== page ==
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Posted July 3, 2004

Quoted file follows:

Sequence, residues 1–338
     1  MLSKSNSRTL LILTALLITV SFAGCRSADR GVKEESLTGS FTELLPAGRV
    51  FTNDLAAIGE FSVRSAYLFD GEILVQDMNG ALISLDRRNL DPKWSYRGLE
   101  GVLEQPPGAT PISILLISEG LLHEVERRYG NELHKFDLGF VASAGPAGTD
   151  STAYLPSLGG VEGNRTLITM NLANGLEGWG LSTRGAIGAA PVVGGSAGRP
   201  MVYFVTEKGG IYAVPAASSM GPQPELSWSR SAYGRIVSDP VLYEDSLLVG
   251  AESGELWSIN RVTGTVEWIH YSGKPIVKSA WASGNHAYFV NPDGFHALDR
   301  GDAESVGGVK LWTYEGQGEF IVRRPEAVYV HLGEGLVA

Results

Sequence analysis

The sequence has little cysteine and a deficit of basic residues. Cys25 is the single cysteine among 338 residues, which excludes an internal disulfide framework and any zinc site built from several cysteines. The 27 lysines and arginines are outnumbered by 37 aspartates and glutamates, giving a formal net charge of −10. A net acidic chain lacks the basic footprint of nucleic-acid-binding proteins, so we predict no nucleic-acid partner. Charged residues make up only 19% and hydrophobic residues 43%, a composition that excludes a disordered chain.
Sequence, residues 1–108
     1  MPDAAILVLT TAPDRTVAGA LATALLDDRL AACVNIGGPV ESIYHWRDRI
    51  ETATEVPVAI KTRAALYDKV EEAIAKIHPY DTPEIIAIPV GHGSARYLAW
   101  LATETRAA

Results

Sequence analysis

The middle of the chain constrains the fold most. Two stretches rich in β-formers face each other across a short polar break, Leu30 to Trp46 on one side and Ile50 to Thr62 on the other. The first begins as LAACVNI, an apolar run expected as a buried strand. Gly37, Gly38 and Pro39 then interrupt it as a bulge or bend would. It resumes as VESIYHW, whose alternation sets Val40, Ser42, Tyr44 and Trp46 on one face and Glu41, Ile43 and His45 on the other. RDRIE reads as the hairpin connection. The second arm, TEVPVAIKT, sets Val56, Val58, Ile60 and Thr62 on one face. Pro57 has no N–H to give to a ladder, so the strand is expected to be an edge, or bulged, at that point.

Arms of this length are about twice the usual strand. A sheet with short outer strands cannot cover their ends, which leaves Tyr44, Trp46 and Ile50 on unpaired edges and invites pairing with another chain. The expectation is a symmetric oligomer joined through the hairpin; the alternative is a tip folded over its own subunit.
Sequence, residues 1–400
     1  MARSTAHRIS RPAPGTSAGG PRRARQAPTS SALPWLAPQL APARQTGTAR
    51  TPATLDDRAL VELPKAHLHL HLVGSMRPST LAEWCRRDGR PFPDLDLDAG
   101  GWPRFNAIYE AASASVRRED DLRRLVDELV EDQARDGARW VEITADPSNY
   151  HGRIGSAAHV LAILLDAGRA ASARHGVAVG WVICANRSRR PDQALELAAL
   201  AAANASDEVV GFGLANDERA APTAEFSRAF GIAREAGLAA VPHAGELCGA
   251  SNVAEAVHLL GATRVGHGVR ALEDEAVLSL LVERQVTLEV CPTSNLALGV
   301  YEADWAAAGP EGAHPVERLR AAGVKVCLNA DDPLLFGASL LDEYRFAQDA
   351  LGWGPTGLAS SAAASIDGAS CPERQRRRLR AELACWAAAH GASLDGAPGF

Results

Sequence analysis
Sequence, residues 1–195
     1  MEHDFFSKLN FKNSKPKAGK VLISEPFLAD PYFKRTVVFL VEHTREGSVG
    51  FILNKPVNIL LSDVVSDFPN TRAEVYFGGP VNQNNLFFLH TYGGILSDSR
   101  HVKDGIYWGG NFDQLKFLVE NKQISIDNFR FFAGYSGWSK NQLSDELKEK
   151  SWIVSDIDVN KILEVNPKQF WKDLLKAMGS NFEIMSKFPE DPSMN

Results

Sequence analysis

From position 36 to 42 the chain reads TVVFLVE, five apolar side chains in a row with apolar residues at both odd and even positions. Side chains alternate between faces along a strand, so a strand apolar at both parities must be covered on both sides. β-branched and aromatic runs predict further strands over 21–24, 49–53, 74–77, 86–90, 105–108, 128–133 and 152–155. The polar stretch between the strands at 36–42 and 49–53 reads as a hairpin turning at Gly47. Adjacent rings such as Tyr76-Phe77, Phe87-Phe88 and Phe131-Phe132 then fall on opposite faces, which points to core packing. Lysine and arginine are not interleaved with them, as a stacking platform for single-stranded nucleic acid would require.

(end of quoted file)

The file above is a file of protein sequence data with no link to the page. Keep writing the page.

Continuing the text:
Chappell describes a highly promising but still speculative technology for connecting together enterprise-wide computations. It can also potentially be used to span different companies. Some of you may groan. Haven't we heard this already, several times? Remember the toutings of CORBA, Java's RMI, JMX, JMS, and the nascent Web Services? Well, ESB draws upon often bitter lessons learnt with these earlier endeavours. CORBA was widely found to be too complex. RMI works only for tightly coupled systems, which do not scale well. So that became one reason for JMS, because it enabled loose coupling. But JMS is too low level. Web Services may indeed be promising, but face a danger of overspecifying a standard before enough practical experience is garnered. ESB tries to subsume the best ideas from the above, and from other efforts. It promises loose coupling and an incremental rollout, amongst other things. The incremental ability may be key to getting a small scale project approved and implemented, due to its minimal investment. You could think of ESB as taking the ideas of the JMX management console a step further. Plus, ESB can use JMX as a subsidiary technology. Chappell also offers nice visual component schematics that could be used to represent and perhaps even assemble an ESB network. If this indeed is possible, it would be tremendous. Akin to the 1980s, when MicroSim offered a graphical version of Spice, with electronic parts availabled from a menu.
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